Some newly-regulated firms are suffering from "culture shock" and can't understand why they need oversight, says Financial Markets Authority boss Rob Everett.
And more areas of the market could soon be feeling this shock, with the FMA still working out how far its powers can stretch.
Five years on from when the market watchdog was set up, Everett made a speech in front of the trans-Tasman Business Circle on where the organisation was headed.
Since its inception the FMA had overseen an overhaul of capital markets law and Everett said the regulator had "matured rapidly".
"I'd say we are only just off the ground. That's not unreasonable given that we are barely two years into our new regime. So, overall, we remain in build phase. But we are in the final stages. As a proud Englishman, who grew up in a village bearing the great man's name, I'm always willing to paraphrase Sir Winston Churchill.
So let me say that this is the end of the beginning," Everett said.
In his five-year report card on the FMA, Everett gave the regulator a "pass".
The watchdog was pleased with its clean up of the finance company collapses, the transparency of its policy work, its engagement with newly-regulated sectors and the relationships it had built with its fellow regulators, he said.
However, there had been some challenges, including what Everett described as a switch in "enforcement focus from post-mortems on dead bodies to treating live ones".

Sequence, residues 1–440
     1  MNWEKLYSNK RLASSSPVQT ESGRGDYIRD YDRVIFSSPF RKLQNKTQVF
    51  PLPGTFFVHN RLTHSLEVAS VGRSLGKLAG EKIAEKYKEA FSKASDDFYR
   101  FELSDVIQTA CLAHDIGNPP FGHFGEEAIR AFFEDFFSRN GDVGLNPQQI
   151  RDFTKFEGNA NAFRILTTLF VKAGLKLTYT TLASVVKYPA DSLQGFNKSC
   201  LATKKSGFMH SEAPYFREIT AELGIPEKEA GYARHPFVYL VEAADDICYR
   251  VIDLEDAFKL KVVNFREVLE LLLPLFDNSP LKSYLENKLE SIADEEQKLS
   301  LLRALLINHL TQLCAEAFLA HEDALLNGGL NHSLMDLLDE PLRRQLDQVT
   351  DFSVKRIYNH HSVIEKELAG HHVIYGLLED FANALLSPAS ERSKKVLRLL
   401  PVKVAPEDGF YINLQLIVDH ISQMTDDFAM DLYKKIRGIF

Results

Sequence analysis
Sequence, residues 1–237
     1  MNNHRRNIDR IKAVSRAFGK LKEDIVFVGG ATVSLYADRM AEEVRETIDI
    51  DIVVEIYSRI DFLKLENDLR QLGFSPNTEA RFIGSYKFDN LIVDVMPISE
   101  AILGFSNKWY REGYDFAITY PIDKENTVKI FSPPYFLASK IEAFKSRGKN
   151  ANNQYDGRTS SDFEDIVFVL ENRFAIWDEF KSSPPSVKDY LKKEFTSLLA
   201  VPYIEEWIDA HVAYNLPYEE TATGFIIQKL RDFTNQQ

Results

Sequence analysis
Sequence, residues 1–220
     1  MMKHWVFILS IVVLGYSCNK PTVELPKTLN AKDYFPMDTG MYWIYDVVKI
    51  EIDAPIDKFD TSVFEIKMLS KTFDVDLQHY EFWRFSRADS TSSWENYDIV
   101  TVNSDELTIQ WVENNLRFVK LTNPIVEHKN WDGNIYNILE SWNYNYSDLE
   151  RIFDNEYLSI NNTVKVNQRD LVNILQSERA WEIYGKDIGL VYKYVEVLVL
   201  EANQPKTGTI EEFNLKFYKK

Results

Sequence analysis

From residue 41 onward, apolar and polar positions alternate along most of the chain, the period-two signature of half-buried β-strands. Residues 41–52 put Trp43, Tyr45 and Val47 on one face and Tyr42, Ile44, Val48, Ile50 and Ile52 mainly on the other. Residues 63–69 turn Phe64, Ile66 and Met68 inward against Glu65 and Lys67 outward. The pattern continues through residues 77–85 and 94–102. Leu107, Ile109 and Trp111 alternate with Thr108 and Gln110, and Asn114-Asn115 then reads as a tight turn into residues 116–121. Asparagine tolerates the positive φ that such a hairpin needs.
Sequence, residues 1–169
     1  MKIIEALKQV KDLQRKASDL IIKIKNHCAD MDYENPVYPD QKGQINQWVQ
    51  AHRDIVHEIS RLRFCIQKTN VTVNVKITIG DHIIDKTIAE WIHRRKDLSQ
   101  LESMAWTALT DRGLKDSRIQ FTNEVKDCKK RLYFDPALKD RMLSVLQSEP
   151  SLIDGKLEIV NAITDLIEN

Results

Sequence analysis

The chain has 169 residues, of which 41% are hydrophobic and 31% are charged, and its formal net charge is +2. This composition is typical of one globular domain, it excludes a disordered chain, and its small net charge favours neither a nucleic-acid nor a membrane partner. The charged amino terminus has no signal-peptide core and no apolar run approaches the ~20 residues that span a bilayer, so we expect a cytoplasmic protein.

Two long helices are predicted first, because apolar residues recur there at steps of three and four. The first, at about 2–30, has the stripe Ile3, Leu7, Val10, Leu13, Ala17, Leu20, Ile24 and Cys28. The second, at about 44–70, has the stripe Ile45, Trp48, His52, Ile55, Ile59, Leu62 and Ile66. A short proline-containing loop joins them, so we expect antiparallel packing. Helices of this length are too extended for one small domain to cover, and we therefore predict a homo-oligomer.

There was a balancing act, he said, between speed and thoroughness and between openness and secrecy.
"There is an element of culture shock for firms that have not been regulated before and indeed those that are regulated elsewhere but can't grasp why the same needs to happen here in New Zealand...we still see defensive and adversarial positions taken in scenarios where a grown-up - and early - conversation would be infinitely preferable," he said.
Part of the FMA's focus was on "deepening and broadening" its perimeter, he said.
"What's inside our remit, what's outside and are those the right settings? You might think I am talking here about - FX trading, overseas entities, FSPR, scams etc. - and for sure there has been plenty of that," he said.
"But our anxiety about where our perimeter lies actually reflects that the biggest pieces of financial services in New Zealand sit outside it - by which I mean the banks and insurers. We don't license them, but their sales practices are covered by the fair dealing provisions of the FMC [Financial Market Conduct] Act. There is an issue of how far our conduct remit under the FMC Act can be stretched to cover what goes on at banks and insurers and how that can harm customers."